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Posts Tagged ‘appetizers’

The holidays may be over, but, as singer/songwriter Robert Earl Keen observed some years ago, the party never ends. And you always need appetizers. Guests drop in, and it’s nice to have something special to serve with a glass of wine. I’m partial to palmiers, especially because I can make them when I have a free half-hour and stick them in the freezer. They’ll keep for a month, well wrapped.

I almost always have a package of puff pastry dough in my freezer (it’s a thin box and only sucks up a very small portion of that precious freezer real estate)

Choose Your Own Filling Palmiers
Roll out one square of the two in the package. If you wet your work surface with a damp sponge and cover with plastic wrap, this job is achieved with very little mess.

Rolling toward the center

I always layer my dough between two pieces of plastic wrap and roll it out so it becomes about two inches longer than it was when I started. Try to roll so the dough becomes more rectangular in shape.

Take off the top piece of plastic wrap and brush the entire flat piece of pastry with olive oil. Now here’s the fun part. Sprinkle with finely grated parmesan cheese and – you choose! I’ve used caramelized onions, olive tapenade, crumbled bacon, my honey’s smoked tomatoes minced fine, minced garlic – the variations are as big as your imagination. The only caveat: use only a couple ingredients.

Now, starting at the left edge, start to roll your pastry toward the center. Use your plastic wrap to help in this process. Once you have reached just to the center, do the same on the right side of your pastry. Your pastry should look like two small rolls lying next to each other, and they will be about an inch tall. Wrap it with the same plastic wrap that you just used for your counter covering. Put in the refrigerator for an hour and then stash in the freezer somewhere where it will be able to keep its shape. If it’s cold from the refrigerator, it won’t form ice crystals after it hits your freezer.

When you’re ready, pull the dough out and let thaw for only 10 minutes (make sure to keep it firm) and then slice to about 1/3 inch thick pieces. Lay the slices flat on an ungreased baking sheet about a half-inch apart. If you have time, you can let them rise for about half an hour at room temp. Pop them in a 400 degree oven till golden brown and serve hot. They’re crisp, delicious and easy!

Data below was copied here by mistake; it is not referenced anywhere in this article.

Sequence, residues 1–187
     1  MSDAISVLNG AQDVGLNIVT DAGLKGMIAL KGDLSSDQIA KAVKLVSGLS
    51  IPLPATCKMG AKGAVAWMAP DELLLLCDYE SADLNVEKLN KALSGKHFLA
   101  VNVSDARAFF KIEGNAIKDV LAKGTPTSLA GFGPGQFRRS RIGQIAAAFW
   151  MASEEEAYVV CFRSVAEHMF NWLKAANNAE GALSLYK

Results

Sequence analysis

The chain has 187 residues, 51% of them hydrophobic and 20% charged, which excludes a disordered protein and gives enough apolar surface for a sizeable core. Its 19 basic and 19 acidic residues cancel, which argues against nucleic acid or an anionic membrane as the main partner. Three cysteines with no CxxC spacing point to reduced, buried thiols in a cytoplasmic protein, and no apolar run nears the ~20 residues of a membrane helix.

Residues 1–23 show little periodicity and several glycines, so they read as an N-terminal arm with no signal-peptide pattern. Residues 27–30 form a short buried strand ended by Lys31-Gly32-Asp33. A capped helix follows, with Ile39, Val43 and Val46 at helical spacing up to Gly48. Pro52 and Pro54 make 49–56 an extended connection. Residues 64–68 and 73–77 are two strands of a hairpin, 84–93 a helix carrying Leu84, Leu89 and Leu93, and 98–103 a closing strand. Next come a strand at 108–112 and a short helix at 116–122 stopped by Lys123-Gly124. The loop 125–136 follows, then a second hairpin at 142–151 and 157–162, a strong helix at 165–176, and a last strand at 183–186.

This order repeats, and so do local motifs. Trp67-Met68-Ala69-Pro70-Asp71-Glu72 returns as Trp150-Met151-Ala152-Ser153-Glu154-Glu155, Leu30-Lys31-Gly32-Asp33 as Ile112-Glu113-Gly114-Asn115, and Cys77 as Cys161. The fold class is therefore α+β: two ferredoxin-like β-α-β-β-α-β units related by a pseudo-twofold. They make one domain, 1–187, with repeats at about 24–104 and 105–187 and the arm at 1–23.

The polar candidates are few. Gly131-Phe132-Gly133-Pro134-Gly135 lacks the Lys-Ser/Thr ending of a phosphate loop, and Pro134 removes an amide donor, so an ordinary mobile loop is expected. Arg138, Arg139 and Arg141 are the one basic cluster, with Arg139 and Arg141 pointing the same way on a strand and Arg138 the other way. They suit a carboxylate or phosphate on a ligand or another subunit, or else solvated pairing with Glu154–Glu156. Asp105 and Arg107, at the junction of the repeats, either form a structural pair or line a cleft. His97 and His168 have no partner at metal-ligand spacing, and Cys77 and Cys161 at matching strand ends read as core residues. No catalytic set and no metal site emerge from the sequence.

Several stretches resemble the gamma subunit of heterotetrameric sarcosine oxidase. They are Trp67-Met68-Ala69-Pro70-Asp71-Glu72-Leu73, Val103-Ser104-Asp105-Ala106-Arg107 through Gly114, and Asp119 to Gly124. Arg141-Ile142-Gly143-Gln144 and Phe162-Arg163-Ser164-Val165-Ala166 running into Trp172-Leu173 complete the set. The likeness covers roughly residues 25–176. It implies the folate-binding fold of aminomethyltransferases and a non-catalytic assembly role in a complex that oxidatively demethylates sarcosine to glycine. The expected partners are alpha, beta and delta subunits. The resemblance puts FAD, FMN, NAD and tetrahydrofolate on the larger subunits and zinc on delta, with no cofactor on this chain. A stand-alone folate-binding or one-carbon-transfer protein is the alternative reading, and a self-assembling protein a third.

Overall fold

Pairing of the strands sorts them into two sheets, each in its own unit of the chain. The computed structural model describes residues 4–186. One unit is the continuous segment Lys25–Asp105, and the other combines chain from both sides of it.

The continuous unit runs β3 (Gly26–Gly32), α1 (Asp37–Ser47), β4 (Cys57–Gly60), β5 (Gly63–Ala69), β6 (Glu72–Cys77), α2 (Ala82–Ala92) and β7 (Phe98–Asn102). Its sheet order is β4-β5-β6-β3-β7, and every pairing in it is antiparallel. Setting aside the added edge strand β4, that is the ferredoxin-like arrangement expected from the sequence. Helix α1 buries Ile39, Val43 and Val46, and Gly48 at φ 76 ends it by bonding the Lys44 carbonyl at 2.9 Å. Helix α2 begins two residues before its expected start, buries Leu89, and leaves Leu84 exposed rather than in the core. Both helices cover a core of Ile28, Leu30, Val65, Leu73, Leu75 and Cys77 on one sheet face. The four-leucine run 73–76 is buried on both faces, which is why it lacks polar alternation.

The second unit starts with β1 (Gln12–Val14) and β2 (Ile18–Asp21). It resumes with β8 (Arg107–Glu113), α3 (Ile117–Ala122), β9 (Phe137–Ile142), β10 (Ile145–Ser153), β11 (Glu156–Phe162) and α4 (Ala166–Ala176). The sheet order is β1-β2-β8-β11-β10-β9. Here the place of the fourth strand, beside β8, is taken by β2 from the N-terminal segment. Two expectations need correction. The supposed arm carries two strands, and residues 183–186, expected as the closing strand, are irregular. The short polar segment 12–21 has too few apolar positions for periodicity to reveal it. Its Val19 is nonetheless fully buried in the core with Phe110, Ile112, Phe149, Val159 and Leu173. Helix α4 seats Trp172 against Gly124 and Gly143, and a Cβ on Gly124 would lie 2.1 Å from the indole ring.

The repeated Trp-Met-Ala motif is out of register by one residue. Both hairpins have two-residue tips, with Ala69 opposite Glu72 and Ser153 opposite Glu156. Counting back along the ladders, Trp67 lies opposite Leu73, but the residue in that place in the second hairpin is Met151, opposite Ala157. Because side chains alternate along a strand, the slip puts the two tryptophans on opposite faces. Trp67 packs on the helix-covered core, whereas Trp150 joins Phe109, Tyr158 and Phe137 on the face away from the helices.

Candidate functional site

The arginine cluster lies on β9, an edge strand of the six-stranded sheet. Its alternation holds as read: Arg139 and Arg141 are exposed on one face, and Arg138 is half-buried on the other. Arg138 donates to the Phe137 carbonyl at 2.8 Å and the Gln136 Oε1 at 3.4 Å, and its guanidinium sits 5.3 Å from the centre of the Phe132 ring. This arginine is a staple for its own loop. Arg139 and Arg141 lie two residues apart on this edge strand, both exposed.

Hazel

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Apps Not on My iPhone

I never thought this day would come, but somehow it has. Many of my sisters have grandkids. There’s a reason I bring this up. In the past, my house was Thanksgiving central. My sisters who lived in town would come; my aunt would come and my mom would be there.

Before I knew it, I’d have 35 for dinner.

Colorful vegetables dress up any party platter


Everyone contributed. We got my aunt Mary’s wonderful broccoli casserole, my sis-in-law Vicki’s sweet potatoes – well, you get my drift – a feast! When the dining room table was fully loaded, we would announce dinner and the line would form. Laurie and I usually collapsed and let it; we were rarely hungry after the hours of cooking. Everyone would find a place to sit with their plates perched in their laps, a glass of wine resting precariously wherever they could find room, we’d eat, chat, help with the dishes and depart. Usually leaving me with a table still laden with food. I’ve gotten smarter over the years. I encourage everyone to take leftovers. That way I’m not stuck with the duty of “not throwing away perfectly good food.”

But this year, it’s happened; my sisters are preparing their own Thanksgiving dinners with their own new traditions for their grandchildren to remember. Their own recipes to pass down and teach. Their own tables to design and fancy plates to wash. Thus we find ourselves with a very rare occurrence – a sit-down Thanksgiving dinner at my house. Dinner for eight. Wahoo!

Let in-season locally grown fruit be part of your appetizer platter

Normally, we expect our guests to arrive anywhere from noon to six, so we make sure there are appetizers out all day. This year, Laurie and I are whittling down our enormous repertoire of hors d’oeuvres to accommodate our six guests. We usually worry about how to keep starvation at bay while other guests are still driving from fifty miles away. (Something of a challenge, let me tell you: We would tell everyone that dinner was at six, my brother and his wife and brood would arrive at 6:30 with their side dish that needed an hour in the oven, and my brother would tap his foot, asking sarcastically when dinner would be ready. “You said six!”) This year – nope! We’re wondering which few appetizers will appeal the most and which will be expected and missed if we don’t trot them out. How fun is this!

So to kick off the holiday season, we’re giving you our appetizers. You can get the main Thanksgiving dinner from every cooking show on TV, you don’t need us to give you hints. Although, let’s face it: it’s me and Laurie – it’s what we do!